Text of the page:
Everyone knows what communism is, and generally in the real world it
doesn’t work out for the people. Communism has many flaws and after a
long while of thinking how these flaws can be fixed it became apparent
it would need to be fundamentally changed.
Not really and it would really help if you could share a short definition of yours or someone else that you'd agree with (by which I mean it being a suitable definition not necessarily agreeing with it's content).
Seriously if you call something flawed, without naming the flaws or what it is and then presenting fixes to unknown problems and asking for a comparison with an unknown definition, then this gets borderline impossible to answer and encourages opinionated comments.
For a start about how not everyone knows what communism is: Marx&Engels literally had to write a manifesto to explain what THEY considered the action plan of a movement that was aiming for communism, because even 150 years ago everyone talked about it, accused each other of it or wore it as a badge of honor, but there were hundreds of definitions around even at the time, so what they talked about was wholly nebulous.
However you could generally sketched up the perimeter of the idea. For example: Prior to the Enlightenment and the liberal revolutions you had a feudal caste system, where you had those who ruled and those who are ruled and those who told the ruled that this was all dandy.
And it sucked. People accepted it though, more or less, probably because there was no alternative and no means to change it. And then through a series of events a lot of veils got pulled from the machine of power so that people got a much bigger appreciation of how much it sucked and how it was anything but inevitable or optimal. So for example the philosophic movements challenged the church and the grand narrative, the political movements challenged the ruling class and their narrative of meritocracy, the economic progress challenged the entire feudal society, aso. Bigger productivity could means less work, more stuff and better lives, but also bigger populations and bigger empires.
And while the revolutionary liberals made grand standing assertions about the individual and it's liberties, for the majority of people that was probably irrelevant drivel as they went from agricultural servitude to industrial wage slavery without much of a practical difference other than technicalities about status, such as the status change from subject of a king to being citizen with similarly little political power. Democracy was still tied to wealth, either directly more taxes=more influence or indirectly like in having a political position = no income = only a job for rich people or due to the lack means to generate publicity for themselves without money.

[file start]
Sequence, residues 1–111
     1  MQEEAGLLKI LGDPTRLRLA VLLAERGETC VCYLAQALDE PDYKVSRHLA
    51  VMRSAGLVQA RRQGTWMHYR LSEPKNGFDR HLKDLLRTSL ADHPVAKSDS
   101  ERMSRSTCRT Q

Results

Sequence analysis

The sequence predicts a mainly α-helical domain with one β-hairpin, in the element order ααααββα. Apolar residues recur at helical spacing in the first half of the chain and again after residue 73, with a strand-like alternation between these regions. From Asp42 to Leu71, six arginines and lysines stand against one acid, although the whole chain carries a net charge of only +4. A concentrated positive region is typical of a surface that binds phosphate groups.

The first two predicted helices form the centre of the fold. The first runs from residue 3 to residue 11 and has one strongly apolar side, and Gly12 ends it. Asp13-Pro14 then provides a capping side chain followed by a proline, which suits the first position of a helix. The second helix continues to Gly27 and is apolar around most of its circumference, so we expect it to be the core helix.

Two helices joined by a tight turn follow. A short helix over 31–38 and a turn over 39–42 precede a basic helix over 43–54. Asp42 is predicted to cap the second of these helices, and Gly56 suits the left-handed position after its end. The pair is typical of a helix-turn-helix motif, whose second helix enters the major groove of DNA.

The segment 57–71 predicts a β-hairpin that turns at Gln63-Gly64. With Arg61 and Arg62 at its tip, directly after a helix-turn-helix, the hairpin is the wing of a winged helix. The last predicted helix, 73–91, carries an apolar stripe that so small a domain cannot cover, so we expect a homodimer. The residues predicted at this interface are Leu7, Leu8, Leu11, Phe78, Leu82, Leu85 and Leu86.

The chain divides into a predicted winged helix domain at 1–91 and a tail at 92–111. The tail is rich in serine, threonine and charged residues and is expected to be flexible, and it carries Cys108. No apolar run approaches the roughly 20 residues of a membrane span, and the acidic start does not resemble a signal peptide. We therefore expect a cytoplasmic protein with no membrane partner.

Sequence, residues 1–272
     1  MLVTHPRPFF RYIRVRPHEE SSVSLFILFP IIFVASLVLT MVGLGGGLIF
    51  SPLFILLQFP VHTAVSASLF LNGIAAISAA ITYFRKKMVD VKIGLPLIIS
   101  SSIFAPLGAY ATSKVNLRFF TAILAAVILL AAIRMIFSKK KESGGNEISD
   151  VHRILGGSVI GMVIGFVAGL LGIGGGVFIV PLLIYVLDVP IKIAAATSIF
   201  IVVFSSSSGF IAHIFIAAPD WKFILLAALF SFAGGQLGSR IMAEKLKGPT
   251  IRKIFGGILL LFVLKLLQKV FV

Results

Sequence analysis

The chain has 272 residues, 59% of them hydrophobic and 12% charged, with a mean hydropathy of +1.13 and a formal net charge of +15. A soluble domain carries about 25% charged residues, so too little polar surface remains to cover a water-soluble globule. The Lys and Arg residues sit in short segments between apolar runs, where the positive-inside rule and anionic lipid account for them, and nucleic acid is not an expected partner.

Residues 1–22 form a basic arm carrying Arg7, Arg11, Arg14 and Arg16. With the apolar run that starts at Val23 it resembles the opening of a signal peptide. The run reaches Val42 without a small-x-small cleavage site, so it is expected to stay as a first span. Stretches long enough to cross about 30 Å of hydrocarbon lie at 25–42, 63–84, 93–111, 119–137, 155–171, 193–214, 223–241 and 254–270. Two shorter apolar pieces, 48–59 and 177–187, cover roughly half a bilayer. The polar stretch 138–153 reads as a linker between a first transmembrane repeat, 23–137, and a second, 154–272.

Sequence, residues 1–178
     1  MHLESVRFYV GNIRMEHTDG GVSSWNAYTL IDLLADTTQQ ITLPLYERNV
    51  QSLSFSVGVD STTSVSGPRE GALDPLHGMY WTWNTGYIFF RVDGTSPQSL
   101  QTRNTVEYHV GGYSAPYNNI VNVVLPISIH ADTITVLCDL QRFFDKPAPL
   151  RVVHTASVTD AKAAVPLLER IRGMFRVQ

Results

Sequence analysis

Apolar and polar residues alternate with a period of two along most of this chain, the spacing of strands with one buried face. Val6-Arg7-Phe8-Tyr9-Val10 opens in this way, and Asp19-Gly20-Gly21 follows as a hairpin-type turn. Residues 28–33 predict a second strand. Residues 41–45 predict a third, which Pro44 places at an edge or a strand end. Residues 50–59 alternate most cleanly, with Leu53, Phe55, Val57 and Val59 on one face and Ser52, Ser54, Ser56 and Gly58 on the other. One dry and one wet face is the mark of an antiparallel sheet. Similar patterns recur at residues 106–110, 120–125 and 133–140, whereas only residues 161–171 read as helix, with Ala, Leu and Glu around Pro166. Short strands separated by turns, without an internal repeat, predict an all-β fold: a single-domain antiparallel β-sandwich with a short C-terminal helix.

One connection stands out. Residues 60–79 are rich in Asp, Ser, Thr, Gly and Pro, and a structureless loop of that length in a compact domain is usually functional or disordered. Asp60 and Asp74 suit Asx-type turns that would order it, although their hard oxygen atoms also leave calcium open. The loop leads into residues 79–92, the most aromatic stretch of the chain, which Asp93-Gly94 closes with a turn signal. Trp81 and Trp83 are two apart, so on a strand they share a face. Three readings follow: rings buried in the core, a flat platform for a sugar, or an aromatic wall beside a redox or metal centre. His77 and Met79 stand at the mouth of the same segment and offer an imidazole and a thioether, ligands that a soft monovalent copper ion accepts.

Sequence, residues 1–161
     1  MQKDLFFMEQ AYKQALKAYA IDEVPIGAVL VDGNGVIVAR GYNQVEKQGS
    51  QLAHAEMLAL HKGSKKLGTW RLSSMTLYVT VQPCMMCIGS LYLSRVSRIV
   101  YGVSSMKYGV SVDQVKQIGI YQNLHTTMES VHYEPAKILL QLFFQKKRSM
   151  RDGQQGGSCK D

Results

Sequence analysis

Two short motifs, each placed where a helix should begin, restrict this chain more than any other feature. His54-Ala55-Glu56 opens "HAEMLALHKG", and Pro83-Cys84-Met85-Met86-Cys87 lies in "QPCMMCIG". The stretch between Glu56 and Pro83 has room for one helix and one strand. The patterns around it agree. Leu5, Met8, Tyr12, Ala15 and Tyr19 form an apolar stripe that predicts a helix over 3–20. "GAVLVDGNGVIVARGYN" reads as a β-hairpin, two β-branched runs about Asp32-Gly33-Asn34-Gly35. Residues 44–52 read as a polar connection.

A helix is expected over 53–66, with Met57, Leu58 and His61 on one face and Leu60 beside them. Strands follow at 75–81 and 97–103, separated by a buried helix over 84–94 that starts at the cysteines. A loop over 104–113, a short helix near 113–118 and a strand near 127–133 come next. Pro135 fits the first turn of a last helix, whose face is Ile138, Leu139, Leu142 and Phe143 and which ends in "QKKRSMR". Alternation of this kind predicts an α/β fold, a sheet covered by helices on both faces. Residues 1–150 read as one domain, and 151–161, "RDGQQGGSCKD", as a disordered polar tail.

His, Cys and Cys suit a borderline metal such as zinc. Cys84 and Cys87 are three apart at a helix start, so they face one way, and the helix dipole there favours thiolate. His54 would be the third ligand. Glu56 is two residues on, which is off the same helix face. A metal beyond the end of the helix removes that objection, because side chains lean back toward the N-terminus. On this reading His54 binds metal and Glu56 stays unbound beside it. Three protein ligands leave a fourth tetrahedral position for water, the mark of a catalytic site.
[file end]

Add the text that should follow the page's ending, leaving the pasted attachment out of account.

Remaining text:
So people saw the master/slave relation of the feudal caste system and it's successor the capitalist labor system no longer as a given, but imagined what it would be like if they could actually do what the liberal revolutionaries were saying (probably without meaning it in that radical way), "what if people could actually govern themselves without kings or rulers of other names and what if one could actually produce for ones own consumption instead of having the reward of ones labor largely being taken by someone else, whether it's a king demanding taxes or an employer taking the product of ones labor giving you a measly compensation and selling it for much more".
So the general outlines were largely described by a cooperative:
an autonomous association of persons united voluntarily to meet their common economic, social and cultural needs and aspirations through a jointly owned and democratically-controlled enterprise
Just that it's not just one enterprise but a community organized like that. However that is an utopian ideal and not a concrete outline for how such a system would look like or how you'd move from "here" to "there". It's not an impossible or unthinkable idea, on the contrary it's quite easy to imagine primitive societies to live like that and even more advanced societies to live more like that.